Archive for the ‘I think…’ Category

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Slow Down London

April 23, 2009

This weekend if you want the chance to ‘slow down’ then join in on this new project held in one of the busiest cities in the world. There are various events teaching people how to take it easy and do stuff properly in their day to ady lives. Instead of running to get the tube, leave a bit earlier and walk. I feel like even if your not in a rush somehow London’s atmosphere makes you run, and if that is’nt it then its the 100 people behind you trying to push through to cross the street. I think we are forgetting what it is like to walk, to take in the sites and maybe the sun does’nt shine here often but when it does, instead of putting yourself underground get the bus, or better yet,walk! I think people are getting too stressed for this day and age, I think there is too many emphasis on work and the ‘time is money’ theory. SO people need to realise time isn’t money, and that we do have the time to stroll instead of creating a stampead.

Look at their website for more information:

http://slowdownlondon.co.uk/about

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Home Sweet Home

February 20, 2009

Living away from home in a different country is a lot more difficult than what movies and people boast about. Yes, you get to live by yourself, come home when you want, eat whenever and whatever you want, but it is a lot more complicated than that. First there are all the document issues I needed to take care of not being a European citizen, it was difficult enough trying to find a doctor because of the insurance or the location, then trying to pay the rent from an account from abroad was a nightmare. I think the reception people hated me for a period of time and thought that I was doing it on purpose. Then obviously I get the usual jokes from friends that I have a ‘language barrier’ and I don’t understand English or can’t speak it (this I let them believe, because even though I CAN speak English, sometimes their jokes just aren’t funny). When in fact I have studied in English all my life was born in America, but have been living in Italy for the past five years and my family is Brazilian, so I can see where they get confused in my life story.

For me the weirdest thing about living away from home is how quickly the transition is between going home and being at Uni. I usually take the 6:00 am flights with Ryanair because even though they are the most inconvenient they are the cheapest. So I wake up in my little room, always a mess before I leave because I find it weird taking clothes back home, it is almost like it is a sign that I DON’T live there anymore, which I still don’t want to believe. I wake up when other students are probably just going to bed from their crazy night out. Then once at Stansted airport I have to check in and hand in my luggage still half asleep from packing last minute the night before. Getting on the plane is like a rat race, since Ryanair has no assigned seating it’s like a free for all when the doors of the buses open in front of the stairs which look like they could be blown away in the evening wind. I always manage to find a good seat, well a good enough seat from Ryanair’s great selection of small tight seating arrangement. I prefer sitting in the aisle, I guess it has become a habit from years of travelling with my family me and my sisters fighting for the aisle seat or trying to convince the youngest she has to sit in the middle because she is the smallest. However, on a 6:00 in the morning flight, it doesn’t really matter where I sit because I sit down and before they even start the safety presentation I am already on my second dream. So in theory I should sit in the window, which would be smarter so I could rest my heavy head on something, and not be awoken if the person next to me has to use the toilet, and even knowing this I always sit in the aisle seat.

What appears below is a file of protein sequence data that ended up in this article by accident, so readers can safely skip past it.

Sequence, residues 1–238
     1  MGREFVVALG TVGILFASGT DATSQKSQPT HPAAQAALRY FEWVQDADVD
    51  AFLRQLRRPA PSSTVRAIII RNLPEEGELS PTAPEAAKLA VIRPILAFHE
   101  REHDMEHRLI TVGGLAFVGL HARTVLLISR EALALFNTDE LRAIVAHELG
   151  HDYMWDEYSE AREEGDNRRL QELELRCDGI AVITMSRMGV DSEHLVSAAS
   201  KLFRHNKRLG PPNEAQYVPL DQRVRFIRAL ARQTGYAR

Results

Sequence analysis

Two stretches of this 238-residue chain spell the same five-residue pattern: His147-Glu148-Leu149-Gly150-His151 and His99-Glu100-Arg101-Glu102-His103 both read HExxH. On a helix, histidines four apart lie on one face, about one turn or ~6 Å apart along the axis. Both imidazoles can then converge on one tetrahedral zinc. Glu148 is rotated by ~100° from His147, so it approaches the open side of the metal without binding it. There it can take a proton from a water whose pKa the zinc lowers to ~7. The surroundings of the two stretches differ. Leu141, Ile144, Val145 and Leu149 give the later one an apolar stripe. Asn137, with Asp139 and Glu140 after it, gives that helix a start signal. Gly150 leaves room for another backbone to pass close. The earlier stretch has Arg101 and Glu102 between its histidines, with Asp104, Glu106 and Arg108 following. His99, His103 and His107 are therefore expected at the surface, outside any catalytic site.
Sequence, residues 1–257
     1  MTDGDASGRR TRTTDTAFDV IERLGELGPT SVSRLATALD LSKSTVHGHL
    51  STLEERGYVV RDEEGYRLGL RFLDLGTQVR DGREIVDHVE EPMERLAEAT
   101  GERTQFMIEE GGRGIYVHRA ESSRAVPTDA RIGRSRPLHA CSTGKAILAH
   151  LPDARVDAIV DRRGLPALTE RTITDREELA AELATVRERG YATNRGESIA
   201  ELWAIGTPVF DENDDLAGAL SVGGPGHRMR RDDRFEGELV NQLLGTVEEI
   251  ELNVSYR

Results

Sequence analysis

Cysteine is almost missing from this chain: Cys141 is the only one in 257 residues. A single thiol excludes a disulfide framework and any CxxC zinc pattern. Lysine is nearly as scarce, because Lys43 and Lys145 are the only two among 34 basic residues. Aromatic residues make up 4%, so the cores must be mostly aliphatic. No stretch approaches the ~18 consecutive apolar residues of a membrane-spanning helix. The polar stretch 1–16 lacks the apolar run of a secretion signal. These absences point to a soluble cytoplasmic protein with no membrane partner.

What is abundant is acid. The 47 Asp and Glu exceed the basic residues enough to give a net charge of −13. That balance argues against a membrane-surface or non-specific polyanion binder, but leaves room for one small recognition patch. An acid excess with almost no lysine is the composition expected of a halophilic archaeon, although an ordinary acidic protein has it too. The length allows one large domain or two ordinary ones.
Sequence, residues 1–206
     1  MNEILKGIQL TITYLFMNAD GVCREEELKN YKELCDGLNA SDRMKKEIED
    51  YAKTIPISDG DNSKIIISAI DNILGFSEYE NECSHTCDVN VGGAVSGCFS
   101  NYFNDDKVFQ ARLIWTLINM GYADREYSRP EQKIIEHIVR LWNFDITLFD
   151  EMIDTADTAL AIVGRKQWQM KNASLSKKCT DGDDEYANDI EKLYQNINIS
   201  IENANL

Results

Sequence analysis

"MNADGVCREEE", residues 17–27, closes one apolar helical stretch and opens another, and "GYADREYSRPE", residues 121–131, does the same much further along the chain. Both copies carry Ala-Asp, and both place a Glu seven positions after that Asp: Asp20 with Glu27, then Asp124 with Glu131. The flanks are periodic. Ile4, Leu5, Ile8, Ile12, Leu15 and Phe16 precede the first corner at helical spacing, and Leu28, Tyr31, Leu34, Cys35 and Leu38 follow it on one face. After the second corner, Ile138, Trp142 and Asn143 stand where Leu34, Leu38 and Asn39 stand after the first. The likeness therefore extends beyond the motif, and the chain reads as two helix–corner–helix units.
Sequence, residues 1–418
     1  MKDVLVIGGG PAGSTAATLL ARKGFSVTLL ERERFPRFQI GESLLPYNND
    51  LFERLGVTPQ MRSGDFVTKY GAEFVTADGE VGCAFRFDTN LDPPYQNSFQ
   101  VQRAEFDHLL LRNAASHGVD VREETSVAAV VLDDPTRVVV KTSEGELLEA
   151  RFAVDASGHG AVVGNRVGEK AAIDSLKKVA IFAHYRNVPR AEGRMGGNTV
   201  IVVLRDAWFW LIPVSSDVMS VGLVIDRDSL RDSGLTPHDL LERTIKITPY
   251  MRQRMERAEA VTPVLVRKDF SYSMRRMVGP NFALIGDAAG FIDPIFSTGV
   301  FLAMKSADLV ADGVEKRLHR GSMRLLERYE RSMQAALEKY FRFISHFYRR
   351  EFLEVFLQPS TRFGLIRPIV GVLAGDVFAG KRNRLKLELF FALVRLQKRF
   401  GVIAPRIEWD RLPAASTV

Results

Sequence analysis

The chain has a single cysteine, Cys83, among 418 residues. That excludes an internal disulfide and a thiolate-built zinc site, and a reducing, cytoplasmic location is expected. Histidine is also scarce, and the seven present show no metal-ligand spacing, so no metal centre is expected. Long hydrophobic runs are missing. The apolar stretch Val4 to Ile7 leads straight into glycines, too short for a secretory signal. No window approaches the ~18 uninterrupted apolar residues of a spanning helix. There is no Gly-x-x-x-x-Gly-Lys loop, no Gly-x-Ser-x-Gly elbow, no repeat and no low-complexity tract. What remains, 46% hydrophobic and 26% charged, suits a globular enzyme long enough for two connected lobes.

I am awoken by the sound of cheering and applauding which seems to be the Italian tradition when the plane safely lands in its destination. I love getting off the plane in Rome Ciampino, it just feels like home from the moment I feet touch the floor. It smells Italian, feels Italian, and hearing Italians turning on their phones first thing on the bus telling everyone they know they have arrived is the cherry on top of the already great ‘gelato’.

This is when I start to realise how small the world is, wake up in Harrow, breakfast in Stansted, lunch in my own house, dinner in central Rome and finally sleep in my comfy double bed. There’s nothing like going home.